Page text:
This guide for reading groups was not authorized or approved by the author, publisher or agent for the book. It is copyrighted by Janice Harayda and is only for your personal use. Its sale or reproduction is illegal except by public libraries, which may reproduce it for use in their in-house reading programs. Other reading groups that wish to use this guide should link to it or check the “Contact” page on One-Minute Book Reviews to learn how to request permission to reproduce it.

“In Africa, you do not view death from the auditorium of life, as a spectator, but from the edge of the stage, waiting only for your cue,” Peter Godwin writes in this elegant memoir of the terrors of the nearly 30-year regime of dictator Robert Mugabe in Zimbabwe. If those words sound melodramatic, consider a few of the facts offered by the author, a former foreign correspondent for BBC TV who grew up in what was then the British colony of Rhodesia. Godwin’s sister and her fiancé were killed in 1978, just before their wedding, when they ran into army ambush during the war for independence. Mugabe later sent hit squads into the countryside to abduct and murder his opponents. The husband of Godwin family friend was forced to drink diesel oil before he was killed. The author’s father was beaten outside his home. A woman had worked for 20 years as the family housekeeper returned soon after her retirement with enforcers and demanded money. As Godwin tried to help his parents stay safe, he uncovered a family secret that he believes helps to explain a question at the heart of his memoir: Amid the terror, why didn’t his parents return to England, where they had lived before settling in Africa?

Questions for Readers

1. The title of When a Crocodile Eats the Sun comes from the belief among some Zulus that a solar eclipse occurs when a “celestial crocodile” eats the sun. [Page 201] Godwin is clearly using the eclipse as a metaphor. At least two kinds of eclipses – personal and national – occur in this memoir. What are the eclipses?

2. Godwin returns to the crocodile when he visits his godmother in a nursing home. She is reading a magazine that has a quote from Winston Churchill, who says, “Appeasement is feeding the crocodile, hoping it will eat you last.” [Page 326] We may assume Churchill was referring to Hitler (the crocodile) and the Munich Pact (the appeasement), which allowed Germany to claim parts of Czechoslovakia. Who is the crocodile in Godwin’s book? How does this image relate to the memoir as a whole?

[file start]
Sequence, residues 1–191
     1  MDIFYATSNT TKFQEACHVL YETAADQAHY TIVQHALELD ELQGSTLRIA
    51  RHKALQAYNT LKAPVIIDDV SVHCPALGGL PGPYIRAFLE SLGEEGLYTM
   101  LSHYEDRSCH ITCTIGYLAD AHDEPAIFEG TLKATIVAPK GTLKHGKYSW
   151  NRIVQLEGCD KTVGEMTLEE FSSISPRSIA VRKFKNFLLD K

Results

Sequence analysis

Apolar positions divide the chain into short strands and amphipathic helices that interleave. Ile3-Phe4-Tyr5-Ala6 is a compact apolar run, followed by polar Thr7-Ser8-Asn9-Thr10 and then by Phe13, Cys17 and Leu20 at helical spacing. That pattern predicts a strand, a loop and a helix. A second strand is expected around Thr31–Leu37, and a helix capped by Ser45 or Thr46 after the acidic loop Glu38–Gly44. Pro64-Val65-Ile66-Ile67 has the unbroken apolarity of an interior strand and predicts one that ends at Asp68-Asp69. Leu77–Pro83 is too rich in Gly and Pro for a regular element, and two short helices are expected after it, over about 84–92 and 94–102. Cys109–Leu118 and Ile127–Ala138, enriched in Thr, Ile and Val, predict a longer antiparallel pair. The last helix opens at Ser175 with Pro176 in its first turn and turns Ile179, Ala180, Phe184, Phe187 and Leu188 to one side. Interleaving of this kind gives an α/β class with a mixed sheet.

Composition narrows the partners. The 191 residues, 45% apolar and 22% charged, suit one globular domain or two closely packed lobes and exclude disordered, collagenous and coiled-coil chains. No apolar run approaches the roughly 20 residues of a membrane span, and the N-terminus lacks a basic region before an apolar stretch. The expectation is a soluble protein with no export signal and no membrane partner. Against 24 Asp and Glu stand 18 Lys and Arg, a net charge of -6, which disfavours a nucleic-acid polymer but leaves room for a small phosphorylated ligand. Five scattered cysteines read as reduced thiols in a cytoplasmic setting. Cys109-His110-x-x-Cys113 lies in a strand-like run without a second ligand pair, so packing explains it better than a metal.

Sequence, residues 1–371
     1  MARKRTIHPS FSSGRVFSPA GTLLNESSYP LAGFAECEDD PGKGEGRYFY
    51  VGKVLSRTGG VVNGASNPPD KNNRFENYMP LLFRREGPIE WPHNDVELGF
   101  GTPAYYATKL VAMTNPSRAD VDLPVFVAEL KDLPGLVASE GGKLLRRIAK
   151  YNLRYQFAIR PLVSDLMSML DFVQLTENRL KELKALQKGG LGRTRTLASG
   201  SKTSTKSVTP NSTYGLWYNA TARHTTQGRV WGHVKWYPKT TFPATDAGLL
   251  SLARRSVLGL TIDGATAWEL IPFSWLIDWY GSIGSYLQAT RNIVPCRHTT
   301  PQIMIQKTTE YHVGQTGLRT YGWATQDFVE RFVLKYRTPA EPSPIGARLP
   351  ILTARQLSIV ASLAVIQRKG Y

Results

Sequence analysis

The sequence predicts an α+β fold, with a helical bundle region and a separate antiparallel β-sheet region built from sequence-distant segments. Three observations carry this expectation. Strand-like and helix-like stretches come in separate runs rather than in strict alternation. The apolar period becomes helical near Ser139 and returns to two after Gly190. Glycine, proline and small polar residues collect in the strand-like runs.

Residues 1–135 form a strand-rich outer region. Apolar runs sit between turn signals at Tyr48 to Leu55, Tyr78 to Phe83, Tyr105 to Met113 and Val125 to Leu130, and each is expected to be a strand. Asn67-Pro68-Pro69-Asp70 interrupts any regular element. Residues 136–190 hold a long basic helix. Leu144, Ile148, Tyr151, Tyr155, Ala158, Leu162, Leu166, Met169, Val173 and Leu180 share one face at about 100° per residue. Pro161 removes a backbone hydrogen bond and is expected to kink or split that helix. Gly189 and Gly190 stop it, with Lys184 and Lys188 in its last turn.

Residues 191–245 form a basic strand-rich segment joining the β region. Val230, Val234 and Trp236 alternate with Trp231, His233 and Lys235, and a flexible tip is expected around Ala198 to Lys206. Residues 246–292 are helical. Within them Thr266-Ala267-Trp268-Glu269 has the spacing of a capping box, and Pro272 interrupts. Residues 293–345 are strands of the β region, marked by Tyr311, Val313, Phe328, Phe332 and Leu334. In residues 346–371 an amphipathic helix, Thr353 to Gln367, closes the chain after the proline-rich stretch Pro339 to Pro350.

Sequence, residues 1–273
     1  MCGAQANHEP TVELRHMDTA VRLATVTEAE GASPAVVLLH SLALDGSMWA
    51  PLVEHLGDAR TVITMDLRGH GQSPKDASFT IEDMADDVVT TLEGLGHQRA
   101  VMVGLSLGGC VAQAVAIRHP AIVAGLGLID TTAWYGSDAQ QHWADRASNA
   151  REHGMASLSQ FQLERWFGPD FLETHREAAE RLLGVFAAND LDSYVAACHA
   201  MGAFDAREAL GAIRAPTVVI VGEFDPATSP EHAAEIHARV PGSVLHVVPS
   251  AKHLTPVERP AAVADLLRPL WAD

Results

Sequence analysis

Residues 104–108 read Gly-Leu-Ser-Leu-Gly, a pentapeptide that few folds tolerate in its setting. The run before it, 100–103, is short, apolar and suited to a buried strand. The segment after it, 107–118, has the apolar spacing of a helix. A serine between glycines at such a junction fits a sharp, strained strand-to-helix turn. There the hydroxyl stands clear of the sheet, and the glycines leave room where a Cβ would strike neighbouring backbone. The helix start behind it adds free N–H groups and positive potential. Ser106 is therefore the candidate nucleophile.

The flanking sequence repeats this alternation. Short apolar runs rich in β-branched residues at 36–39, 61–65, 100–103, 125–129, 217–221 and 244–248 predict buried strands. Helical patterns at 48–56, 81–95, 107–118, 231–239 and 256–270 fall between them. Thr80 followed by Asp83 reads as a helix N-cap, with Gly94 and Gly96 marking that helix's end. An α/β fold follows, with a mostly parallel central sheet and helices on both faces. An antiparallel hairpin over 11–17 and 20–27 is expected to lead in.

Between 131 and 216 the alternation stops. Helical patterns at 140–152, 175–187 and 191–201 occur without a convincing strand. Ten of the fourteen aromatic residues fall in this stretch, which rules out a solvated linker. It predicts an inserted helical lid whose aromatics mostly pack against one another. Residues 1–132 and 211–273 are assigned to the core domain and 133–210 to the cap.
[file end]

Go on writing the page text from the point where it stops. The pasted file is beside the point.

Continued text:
3. In his memoir Godwin tries to draw parallels between the treatment of whites in Africa and Jews in other parts of the world. How effective were his efforts?

4. When a Crocodile Eats the Sun begins when Godwin gets a call saying that his father has had a heart attack and he needs to fly to Harare, Zimbabwe (formerly Salisbury, Rhodesia). At this point, his sister and her fiancé have already been killed. Godwin often seems to put himself in serious danger to provide aid or comfort to his parents. Do you see him as brave, crazy or something else? Would you have done what he did in the frightening situations in the book? Why or why not?

5. If you have lived in the U.K. or watch the BBC news regularly on cable, you know that the British media cover international events more extensively than their American counterparts do. Godwin seems to be reacting to this when writes: “Africa seldom makes it into the American media; even the venerable New York Times mostly smuggles in its Africa coverage as soft features on slow news days, or six-line bulletins in the news-in-brief section. Yet every single day, newspaper headlines can legitimately announce: ‘Another Five Thousand Africans Die of AIDS.’” [Page 204] Do you agree with Godwin’s comments on Africa and the American media? After reading his book, would you encourage American editors and producers to change their coverage? How?

6. If you agree with Godwin that the American media slight Africa, why do you think this is so? Is it racism, pure and simple, or do other factors come into play?

7. Godwin often suggests that for all the terrors his white parents faced, Mugabe’s despotism hurt black Zimbabweans the most. Do you agree? Why? What cruelties did blacks suffers under his dictatorship?